Still in that full zero drop category, this shoe was created specifically for CrossFitters (hooray!). Females might cringe at the bland color options, but the rubber coating on the outside is supposed to be great for rope climbs.
4. “You Might As Well Go Barefoot”
Who would want this:
-Frequent CrossFitters who like lifting in their bare feet
-Frequent CrossFitters who run once or twice a week and have lost their brains
-CrossFitters with good knees, strong muscles/tendons and no issues with tendonitis/achilles/plantar fasciitis
Vibram Five Fingers Bikila
Vibram’s most popular model. Features zero cushion, zero arch support and feels like a rubber sock. Great shoe for lifting and for those who like occasionally getting made fun of.
New Balance Minimus Trail Zero
In the same line as the Minimus Road Zero, but even more minimal. Features a Vibram sole similar to the Five Fingers shoes, but still even more flexible and minimal. Really, these shoes are probably as close to bare foot as you can get. I’ve loved them for lifting, but have bruised the ball of my foot more than once trying to do box jumps in them.
The Altra Sampson/Delilah
Just like the other two – but again, features that extra wide toe box. Doesn’t feature a Vibram sole, but is still a pretty durable minimal shoe.
Hopefully this gives everyone a better idea of what you might want/need if you’re in the market for new shoes. I know a lot of you are only interested in shoes that match your tube socks or only cost 10 bucks, but really, getting in a shoe that is designed for your sport and natural biomechanics, you can maximize performance and avoid injury in the long run. It’s worth the investment. If you’re fairly serious about your training, it’s ideal to own a pair of regular running shoes and at least one type of minimal shoe. I’m sorry for not including any of the Reebok shoes, but I honestly don’t know anything about them except that you get to bake them in the oven before you wear them. Here’s a few of the FAQ’s I get:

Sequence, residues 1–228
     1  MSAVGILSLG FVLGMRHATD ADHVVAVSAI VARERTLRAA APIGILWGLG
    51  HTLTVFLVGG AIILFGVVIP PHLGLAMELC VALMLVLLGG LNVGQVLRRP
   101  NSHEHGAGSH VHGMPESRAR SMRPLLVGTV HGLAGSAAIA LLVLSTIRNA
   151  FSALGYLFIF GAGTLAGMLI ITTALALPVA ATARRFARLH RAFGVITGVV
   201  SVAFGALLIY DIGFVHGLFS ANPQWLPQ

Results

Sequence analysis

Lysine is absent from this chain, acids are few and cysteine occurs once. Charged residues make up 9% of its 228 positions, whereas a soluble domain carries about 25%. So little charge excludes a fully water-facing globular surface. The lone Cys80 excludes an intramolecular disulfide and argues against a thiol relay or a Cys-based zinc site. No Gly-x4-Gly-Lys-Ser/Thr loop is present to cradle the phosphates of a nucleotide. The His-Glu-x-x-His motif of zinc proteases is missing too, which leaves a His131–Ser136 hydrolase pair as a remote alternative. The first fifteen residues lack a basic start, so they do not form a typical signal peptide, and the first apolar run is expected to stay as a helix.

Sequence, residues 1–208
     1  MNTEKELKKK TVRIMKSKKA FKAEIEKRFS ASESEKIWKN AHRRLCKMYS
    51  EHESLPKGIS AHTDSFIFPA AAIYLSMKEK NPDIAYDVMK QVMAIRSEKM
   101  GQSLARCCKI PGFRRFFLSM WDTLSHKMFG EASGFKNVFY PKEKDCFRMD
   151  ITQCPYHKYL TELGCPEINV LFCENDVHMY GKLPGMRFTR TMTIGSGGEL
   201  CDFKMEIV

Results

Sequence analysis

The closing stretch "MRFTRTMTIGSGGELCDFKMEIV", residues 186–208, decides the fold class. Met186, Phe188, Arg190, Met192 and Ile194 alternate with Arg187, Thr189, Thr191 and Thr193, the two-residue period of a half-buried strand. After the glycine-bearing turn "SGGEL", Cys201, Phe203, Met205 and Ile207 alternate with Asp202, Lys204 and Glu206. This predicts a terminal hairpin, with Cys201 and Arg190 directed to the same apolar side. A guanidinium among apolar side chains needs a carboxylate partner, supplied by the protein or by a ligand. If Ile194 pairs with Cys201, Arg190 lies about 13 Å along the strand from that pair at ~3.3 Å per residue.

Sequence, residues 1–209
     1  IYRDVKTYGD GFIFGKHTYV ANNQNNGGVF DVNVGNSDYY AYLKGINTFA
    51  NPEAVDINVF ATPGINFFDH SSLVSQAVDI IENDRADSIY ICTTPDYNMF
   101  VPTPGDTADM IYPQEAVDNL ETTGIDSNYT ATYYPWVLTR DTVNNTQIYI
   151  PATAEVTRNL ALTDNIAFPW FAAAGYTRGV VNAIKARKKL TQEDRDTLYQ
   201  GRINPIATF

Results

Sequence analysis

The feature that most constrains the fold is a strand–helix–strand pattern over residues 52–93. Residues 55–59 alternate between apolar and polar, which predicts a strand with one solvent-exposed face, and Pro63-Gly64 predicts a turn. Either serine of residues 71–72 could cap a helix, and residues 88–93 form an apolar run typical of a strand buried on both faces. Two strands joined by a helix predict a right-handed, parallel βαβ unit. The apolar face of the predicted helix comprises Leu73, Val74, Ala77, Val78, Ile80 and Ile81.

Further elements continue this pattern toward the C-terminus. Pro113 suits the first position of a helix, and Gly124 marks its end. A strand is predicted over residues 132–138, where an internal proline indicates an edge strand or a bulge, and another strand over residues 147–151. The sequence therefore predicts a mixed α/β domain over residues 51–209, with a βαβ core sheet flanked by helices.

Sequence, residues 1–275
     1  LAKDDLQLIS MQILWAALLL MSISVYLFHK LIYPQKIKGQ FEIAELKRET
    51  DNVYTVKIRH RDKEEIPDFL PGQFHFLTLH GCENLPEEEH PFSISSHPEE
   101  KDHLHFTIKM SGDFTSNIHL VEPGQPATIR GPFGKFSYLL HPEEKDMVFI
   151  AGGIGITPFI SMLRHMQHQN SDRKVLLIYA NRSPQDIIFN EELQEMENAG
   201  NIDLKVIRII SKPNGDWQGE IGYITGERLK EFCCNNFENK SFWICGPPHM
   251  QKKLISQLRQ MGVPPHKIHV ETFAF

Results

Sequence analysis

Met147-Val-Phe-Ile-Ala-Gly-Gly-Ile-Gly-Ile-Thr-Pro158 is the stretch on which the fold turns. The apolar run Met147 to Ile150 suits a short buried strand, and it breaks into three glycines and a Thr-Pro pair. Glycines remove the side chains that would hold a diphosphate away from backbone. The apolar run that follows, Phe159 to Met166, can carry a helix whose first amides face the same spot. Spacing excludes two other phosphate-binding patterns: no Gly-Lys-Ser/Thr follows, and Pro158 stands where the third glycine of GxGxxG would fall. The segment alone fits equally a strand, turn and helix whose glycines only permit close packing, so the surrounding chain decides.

Minimal Shoe FAQ’s
“I have a high arch. Would a minimal shoe be a bad idea?”
Not necessarily. Minimal shoes are not tailored for any specific arch type as there is no support.
“Can I use my minimal shoes for both cross training and running?”
Yes, but if you are planning on running in your minimal shoes – start very slow. Our bodies are used to a traditional raised heel shoes, and most problems occur when folks jump into the minimal shoes too quickly and overstress muscles and tendons. If you plan on getting into minimal running, use 10% of your run training time with your minimal shoes and supplement with your regular trainers. Slowly move up from there. Some may progress quicker, while others might progress slower. Pay attention to how you feel and don’t overdo it, unless you want tendonitis or plantar fasciitis. It’s recommended that you take around a full year to work your way into barefoot running. Read about proper mid-foot strike form and practice running efficiently.
“You’ve scared me off of running in minimal shoes completely, but sometimes we both run and lift during a single WOD. What do I do?”
In CrossFit, we rarely run more than a mile at a time, and even then, we are usually only running a couple times a week at most. Your body should be just fine in minimal shoes, unless you really have problems with tendonitis. However, if you’re still worried, it would be a good idea to invest in an “In-Betweener” or a “Cadillac Minimalist” shoe.
“I can only afford one pair of CrossFit shoes. What kind should I get?”
This depends on the person. Browse through my “who would want this” descriptions and see where you fit in. Most people prefer shoes from the “Cadillac Minimalists” section, as they are completely minimal for lifting, but still provide a little bit of cushion for the jumping/running exercises.